NEW YORK (WOMENSENEWS)-- Mothers dying in childbirth or from other pregnancy-related causes should be studied by a task force, according to legislators who sent the bill on May 26 to GOP Gov. Rick Perry's office.
"Texas moms have been dying from pregnancy-related causes at a rate far higher than the rest of the country and we have no idea why," said Rep. Armando Walle (D-Houston), who sponsored the bill. "I am proud that my colleagues in the Legislature recognized the urgency of ensuring our mothers are healthy."
Texas has a higher rate mortality that the national average rate of 21 per 100,000 live birth, Women's eNews Editor-in-Chief Rita Henley Jensen wrote in a piece published earlier this year.
The maternal mortality rate for Texas has quadrupled over the last 15 years to 24.6 for every 100,000 live births in 2010, from 6.1 per 100,000 live births in 1996, according to a report last year from the state's Department of Health Services.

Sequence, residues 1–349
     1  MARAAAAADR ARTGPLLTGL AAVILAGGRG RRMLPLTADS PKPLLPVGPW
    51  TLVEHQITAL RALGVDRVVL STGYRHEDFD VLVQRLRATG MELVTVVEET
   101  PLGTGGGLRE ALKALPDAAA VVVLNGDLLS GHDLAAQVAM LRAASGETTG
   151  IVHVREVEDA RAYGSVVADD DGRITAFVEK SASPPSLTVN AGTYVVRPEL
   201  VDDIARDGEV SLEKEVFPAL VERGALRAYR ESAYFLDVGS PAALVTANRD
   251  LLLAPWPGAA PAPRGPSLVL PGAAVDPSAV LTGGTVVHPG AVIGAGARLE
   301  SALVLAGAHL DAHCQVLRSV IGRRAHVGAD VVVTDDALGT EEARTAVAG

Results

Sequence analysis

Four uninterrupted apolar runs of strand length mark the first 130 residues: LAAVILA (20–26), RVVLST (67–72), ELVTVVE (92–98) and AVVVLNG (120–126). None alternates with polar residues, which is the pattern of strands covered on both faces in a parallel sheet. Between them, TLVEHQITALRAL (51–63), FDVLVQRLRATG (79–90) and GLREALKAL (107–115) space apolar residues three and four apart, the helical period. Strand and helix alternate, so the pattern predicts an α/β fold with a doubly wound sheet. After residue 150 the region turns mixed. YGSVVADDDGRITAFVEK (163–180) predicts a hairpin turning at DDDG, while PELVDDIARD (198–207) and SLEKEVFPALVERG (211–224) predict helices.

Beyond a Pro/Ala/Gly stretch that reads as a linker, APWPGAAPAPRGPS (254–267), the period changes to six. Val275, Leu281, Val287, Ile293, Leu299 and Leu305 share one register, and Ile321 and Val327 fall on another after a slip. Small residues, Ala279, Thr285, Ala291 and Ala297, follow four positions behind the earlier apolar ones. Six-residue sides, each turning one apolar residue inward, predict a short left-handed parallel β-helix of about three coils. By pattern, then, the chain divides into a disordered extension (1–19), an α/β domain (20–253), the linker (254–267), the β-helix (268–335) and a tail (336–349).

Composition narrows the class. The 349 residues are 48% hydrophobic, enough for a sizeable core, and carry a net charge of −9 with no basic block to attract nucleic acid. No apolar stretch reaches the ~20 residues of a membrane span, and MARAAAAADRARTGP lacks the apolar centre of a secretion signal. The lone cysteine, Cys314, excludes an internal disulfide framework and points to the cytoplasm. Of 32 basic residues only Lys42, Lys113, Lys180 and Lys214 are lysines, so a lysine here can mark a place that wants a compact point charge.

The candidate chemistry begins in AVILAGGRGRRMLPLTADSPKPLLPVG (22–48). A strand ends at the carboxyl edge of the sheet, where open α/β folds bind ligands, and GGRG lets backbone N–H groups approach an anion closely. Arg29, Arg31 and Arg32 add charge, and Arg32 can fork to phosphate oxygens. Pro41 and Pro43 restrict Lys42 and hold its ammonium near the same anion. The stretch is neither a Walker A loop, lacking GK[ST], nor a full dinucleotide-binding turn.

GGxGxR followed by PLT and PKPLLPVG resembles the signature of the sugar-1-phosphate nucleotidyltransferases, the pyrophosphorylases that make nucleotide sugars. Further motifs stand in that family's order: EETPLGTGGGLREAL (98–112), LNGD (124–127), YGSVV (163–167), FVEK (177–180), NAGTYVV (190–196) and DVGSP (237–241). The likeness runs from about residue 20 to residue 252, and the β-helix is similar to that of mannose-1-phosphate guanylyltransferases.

These numbers have steadily increased over the past few decades in Texas, without any statewide investigation of causes, YourHoustonNews reports. The proposed task force will bring together the state's leading experts to analyze the problem and offer recommendations.
"My legislation sends a strong message that Texas is serious about decreasing its maternal mortality rate and preventing poor health outcomes for countless other mothers," said Sen. Joan Huffman (R-Houston), author of the bill. "Ultimately, studying this issue will improve maternal health care services and save taxpayers millions of dollars otherwise spent on unnecessary health costs."
Among multiple possible explanations for the high maternal mortality rate in Texas, Henley Jensen points out the anti-choice policy of the governor, who has led the fight to strip public funding for Planned Parenthood.
While Texan mothers face worse odds, Rita Henley-Jensen said the national statistics are bad overall. "It leaves the United States at the bottom of the list of developed nations; meaning, for instance, that more new mothers are dying here than in Croatia, " says Henley Jensen.